Rich foreigners reacted angrily today at news that they might have to pay tax on the profits they earn in Australia. After the government announced that it was considering clamping down on some of the most lucrative forms of multinational profit-shifting, some very wealthy Americans threatened to take their businesses away from Australia if they were forced to pay tax.
The first statement suggests a proposed policy is not in our best interests, while the second demonstrates it clearly is. Econobabble sells us up the river to the rich mates of some politicians and lobbyists.
Richard also provides some excellent advice on how to wade through it to find something more closely resembling the truth:
It's a great book, essentially reading with a Federal election just around the corner... when we will be inundated with Econobabble.
by Mark Enders
You know how the saying goes.
Today's post is a number of images from which you can draw your own conclusions
It's always very exciting to see what clever new ideas people have generated, and it is doubly exciting when these innovations have a positive impact on human health, environmental health, and productivity.
It is good to know that industries that aren't necessarily the biggest polluters are still driven to find innovation, to operate in a more environmentally responsible manner, and to be rewarded for it. Research that is taking place at Murdoch university is ticking all these boxes - lower emissions from piggeries, lower costs for the business involved, a new, better and gentler food source for the pigs, and complementary improvements for crop fertilisation which is cheaper, better and relieves less on artificial fertilizers. A great story.
The benefits of Solar Thermal are undeniable - technology proven by the fact that there are a number of fully operational plants in California and Spain. It has the added benefit of being able to provide power when the sun goes down, it is a plentiful, clean resource, and it is very accessible to a number of marginalised communities - those looking to transition out of old industries that have died.... that is why Port Augusta is such a great location for such a project.
If you want to do your bit to help Port Augusta step into the new economy, you can sign the Australian Youth Climate Coalition's petition and show your support here.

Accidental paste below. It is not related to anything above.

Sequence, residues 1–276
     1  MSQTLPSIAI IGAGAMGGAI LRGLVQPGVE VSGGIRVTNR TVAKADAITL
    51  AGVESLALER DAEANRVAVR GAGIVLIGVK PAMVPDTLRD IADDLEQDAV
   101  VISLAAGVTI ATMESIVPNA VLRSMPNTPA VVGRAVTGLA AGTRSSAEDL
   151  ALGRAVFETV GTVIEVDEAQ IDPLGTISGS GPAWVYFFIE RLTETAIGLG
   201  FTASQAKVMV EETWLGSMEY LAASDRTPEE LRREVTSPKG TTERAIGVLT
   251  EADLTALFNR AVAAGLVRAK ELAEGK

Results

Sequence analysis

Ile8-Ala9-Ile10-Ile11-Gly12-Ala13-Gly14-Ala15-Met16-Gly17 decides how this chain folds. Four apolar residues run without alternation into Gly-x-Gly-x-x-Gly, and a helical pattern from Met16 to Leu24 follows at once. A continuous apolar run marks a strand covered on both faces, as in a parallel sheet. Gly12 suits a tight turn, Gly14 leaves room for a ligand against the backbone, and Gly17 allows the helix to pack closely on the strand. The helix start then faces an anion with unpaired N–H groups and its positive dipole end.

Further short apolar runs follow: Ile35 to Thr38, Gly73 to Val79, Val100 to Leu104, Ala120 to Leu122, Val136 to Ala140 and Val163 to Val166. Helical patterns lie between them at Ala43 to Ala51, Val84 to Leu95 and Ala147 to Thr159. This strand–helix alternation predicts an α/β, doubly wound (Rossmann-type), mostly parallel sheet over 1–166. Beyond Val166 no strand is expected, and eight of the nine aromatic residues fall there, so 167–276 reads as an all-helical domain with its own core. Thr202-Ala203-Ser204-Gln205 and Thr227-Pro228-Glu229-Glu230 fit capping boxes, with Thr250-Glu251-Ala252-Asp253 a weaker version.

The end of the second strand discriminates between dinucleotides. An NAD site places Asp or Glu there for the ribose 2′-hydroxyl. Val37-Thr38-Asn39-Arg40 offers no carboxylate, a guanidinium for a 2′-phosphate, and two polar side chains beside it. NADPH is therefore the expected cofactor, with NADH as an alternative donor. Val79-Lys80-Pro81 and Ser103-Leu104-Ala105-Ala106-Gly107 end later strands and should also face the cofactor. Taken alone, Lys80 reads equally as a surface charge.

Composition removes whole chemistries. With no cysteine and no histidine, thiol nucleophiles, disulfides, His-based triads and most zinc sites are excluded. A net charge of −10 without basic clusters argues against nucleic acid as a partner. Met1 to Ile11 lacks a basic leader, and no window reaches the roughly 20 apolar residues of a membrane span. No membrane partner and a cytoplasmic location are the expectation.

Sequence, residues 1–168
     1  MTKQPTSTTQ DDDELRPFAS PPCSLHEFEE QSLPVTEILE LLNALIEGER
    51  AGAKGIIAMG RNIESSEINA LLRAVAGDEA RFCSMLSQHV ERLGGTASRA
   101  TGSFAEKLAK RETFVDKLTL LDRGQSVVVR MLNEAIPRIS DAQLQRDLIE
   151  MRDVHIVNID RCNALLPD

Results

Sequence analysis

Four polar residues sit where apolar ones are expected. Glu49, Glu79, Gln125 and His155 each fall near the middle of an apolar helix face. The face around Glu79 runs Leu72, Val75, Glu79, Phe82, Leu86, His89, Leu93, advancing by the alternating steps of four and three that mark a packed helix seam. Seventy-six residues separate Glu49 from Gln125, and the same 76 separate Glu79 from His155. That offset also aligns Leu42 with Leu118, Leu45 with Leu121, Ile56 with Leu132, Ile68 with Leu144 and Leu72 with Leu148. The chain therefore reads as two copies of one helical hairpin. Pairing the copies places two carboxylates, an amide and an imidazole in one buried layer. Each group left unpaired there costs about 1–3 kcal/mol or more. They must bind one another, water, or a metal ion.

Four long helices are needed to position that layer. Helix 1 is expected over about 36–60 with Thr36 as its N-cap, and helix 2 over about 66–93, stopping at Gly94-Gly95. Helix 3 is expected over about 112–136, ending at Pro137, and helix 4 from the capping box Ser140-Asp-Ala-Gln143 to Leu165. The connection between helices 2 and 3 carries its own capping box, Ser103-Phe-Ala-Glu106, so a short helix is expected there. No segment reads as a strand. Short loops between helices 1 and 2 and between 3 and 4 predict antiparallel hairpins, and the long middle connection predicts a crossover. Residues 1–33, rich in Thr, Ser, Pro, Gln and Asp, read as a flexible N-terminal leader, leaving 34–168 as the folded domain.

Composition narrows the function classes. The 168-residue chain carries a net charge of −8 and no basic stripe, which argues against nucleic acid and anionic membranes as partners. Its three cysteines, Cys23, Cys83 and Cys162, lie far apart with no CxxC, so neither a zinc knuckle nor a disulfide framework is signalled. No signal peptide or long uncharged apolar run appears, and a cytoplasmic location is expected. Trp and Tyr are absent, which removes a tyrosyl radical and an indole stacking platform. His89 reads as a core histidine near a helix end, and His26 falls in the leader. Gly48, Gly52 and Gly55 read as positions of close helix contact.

3D printing is a truly incredible technology with applications across so many areas of human endeavour - from manufacturing to health care. While being able to print organs and replace organ transplantation and remove the need for donors (of which there are never enough) is still some way off, it's a technology which seems within reach. There was a fantastic story on the ABC news site recently which showed how far we have come, and how far we still have to go - but it is exciting just the same.
Innovation occurs when people who don't usually speak to each other, start to. Google (the great innovation company) has designed its headquarters so that people can't help bumping into each other regularly, and finds ways that encourages them to talk and collaborate. The best work of architect Allejandro Aravena began when he began talking to people who weren't architects and when he started working in spaces where architects didn't traditionally operate.
You can watch his TED talk by clicking on the video below,
Where this leads us (on a Greens blog site) is.... what to make of Malcolm Turnbull's innovation policy.
One look at the policy document and it seems it is focused on the beneficial outcomes (which are undeniable) and not on effectively supporting the processes that lead to innovation.
The final table in the innovation statement is also instructive - 19 out of the 25 program initiatives have absolutely no funding this financial year, and 7 initiatives have no funding next financial year. In fact 86% of the announced funding doesn't come until after July 2017. With two budgets to be announced between now and them, time will tell as to how much of this will even eventuate.
Further criticism of this do next to nothing plan can be found in Nick Feik's article in The Monthly.
Sadly Malcolm Turnbull seems to be the kind of Innovation PM that Tony Abbott was for Infrastructure - Abbott talked about infrastructure a great deal but funded next to no infrastructure unless it was a road, while Turnbull talks about being excited, loosens bankruptcy laws (which can be helpful but may also be open to rorting), spruiks the importance of the CSIRO and our education institutions but in the next breath undercuts it by - massive cuts at the CSIRO, maintaining Abbott's $80B in cuts to Education and Health (the great nurseries of high value innovation)
You actually need to invest in innovation, you need to be prepared to accept that not many of the ideas that you fund will be highly successful or will directly or immediately lead to higher profits for business. And you need to remember that the few that do succeed will repay you many times over and more than make up for those which didn't. This is the approach government should take because industry rarely will.
That approach sounds nothing like what the Turnbull government has in mind.. which isn't very exciting.
by Mark Enders
The Townsville Greens will publish blogs considered to be of merit. The opinions expressed are those of the Author.